Several Trump administration officials have announced that they are resigning after a mob of Trump supporters stormed the Capitol on Wednesday, temporarily disrupting Congress as it was certifying Joe Biden's Electoral College victory.
The officials included those in prominent positions in the White House, and staff members who have been working in the Trump administration since the beginning of the president's term in 2017. Some of the resignations came hours after President Donald Trump openly encouraged his supporters to go to the Capitol to protest what he has falsely claimed was a stolen election. The moves are being made with less than two weeks remaining in Trump's term.
Here is a list of the administration officials who have resigned.
DeVos, the education secretary, submitted a letter of resignation to Trump on Thursday, saying she would step down Friday.
In the letter, DeVos called the mob that disrupted Congress as it was certifying the election results Wednesday "unconscionable for our country."
"There is no mistaking the impact your rhetoric had on the situation, and it is the inflection point for me," she wrote.
With her letter, DeVos became the second Cabinet member to announce plans to resign after violent protesters overwhelmed the police and stormed through the Capitol.
A billionaire Republican donor, DeVos was confirmed as education secretary in February 2017 with a tiebreaking vote in the Senate from Vice President Mike Pence.
Chao, the transportation secretary, announced her resignation on Twitter on Thursday, becoming the first Cabinet member to do so. The unrest at the Capitol, she wrote, "deeply troubled me in a way that I simply cannot set aside." Chao, whose resignation is effective Monday, is married to Sen. Mitch McConnell, R-Ky., the majority leader.
Mulvaney, Trump's former acting chief of staff, resigned as special envoy to Northern Ireland on Wednesday night, saying he "can't stay" after watching the president encourage the mob that overtook the Capitol complex.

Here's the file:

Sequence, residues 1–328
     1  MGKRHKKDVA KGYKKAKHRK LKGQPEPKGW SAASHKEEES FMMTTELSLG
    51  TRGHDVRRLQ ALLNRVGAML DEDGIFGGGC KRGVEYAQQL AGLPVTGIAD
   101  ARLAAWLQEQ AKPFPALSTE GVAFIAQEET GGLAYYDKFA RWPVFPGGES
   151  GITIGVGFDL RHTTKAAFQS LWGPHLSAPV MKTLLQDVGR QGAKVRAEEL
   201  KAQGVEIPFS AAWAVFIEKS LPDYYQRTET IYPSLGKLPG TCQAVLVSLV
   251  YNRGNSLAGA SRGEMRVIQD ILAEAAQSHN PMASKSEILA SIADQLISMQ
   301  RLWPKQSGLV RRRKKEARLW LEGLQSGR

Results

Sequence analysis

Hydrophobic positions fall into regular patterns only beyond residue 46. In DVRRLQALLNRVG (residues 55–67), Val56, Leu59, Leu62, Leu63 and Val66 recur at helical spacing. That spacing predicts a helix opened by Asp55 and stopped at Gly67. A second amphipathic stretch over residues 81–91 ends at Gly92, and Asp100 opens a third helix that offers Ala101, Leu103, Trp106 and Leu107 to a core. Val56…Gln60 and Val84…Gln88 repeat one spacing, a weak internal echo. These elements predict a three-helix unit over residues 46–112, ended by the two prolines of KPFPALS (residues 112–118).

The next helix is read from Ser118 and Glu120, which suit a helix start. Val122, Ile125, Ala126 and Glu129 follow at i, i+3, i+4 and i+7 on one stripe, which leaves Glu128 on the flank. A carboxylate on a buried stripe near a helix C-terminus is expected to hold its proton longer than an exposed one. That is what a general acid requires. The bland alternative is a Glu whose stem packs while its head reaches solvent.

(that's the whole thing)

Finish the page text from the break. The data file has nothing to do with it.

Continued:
In an interview with CNBC on Thursday morning, Mulvaney said he called Secretary of State Mike Pompeo on Wednesday night and told him: "I can't do it. I can't stay."
Mulvaney praised administration officials who defended Vice President Mike Pence, who oversaw the tallying of the votes that certified Biden's victory despite pressure from Trump. Mulvaney said he anticipated that there would be more resignations.
"Those who choose to stay, and I have talked with some of them, are choosing to stay because they're worried the president might put someone worse in," he said.
On Wednesday afternoon, Mulvaney, who was named acting chief of staff in 2018, wrote on Twitter: "The President's tweet is not enough. He can stop this now and needs to do exactly that. Tell these folks to go home."
Pottinger has been Trump's deputy national security adviser since 2019. He was formerly the administration's Asia director on the National Security Council and was known for his on-the-ground experience in China, where he advised Trump during his meeting with President Xi Jinping in 2017. Pottinger has resigned, a person familiar with the events said Thursday.
Costello, one of the country's most senior cybersecurity officials, resigned Wednesday, telling associates that the violence on Capitol Hill was his "breaking point" and, he hoped, "a wake-up call."
Goodspeed, the acting chairman of the White House Council of Economic Advisers, resigned Thursday, citing Trump's incitement of the mob that stormed the Capitol.
"The events of yesterday made my position no longer tenable," he said in an interview, after informing the White House chief of staff, Mark Meadows, of his decision.
Grisham, the former White House press secretary who served as chief of staff to Melania Trump, the first lady, submitted her resignation Wednesday after the violence at the Capitol. She had worked for the Trumps since the 2016 campaign and was one of their longest-serving aides.
Melania Trump chose Niceta, a former Washington event planner who helped coordinate Donald Trump's inaugural celebrations, as her social secretary in 2017. Niceta has said she was resigning, according to an administration official familiar with her plans who was not authorized to speak publicly.
Matthews, a deputy White House press secretary, submitted her resignation Wednesday, saying in a statement that she was "deeply disturbed by what I saw today."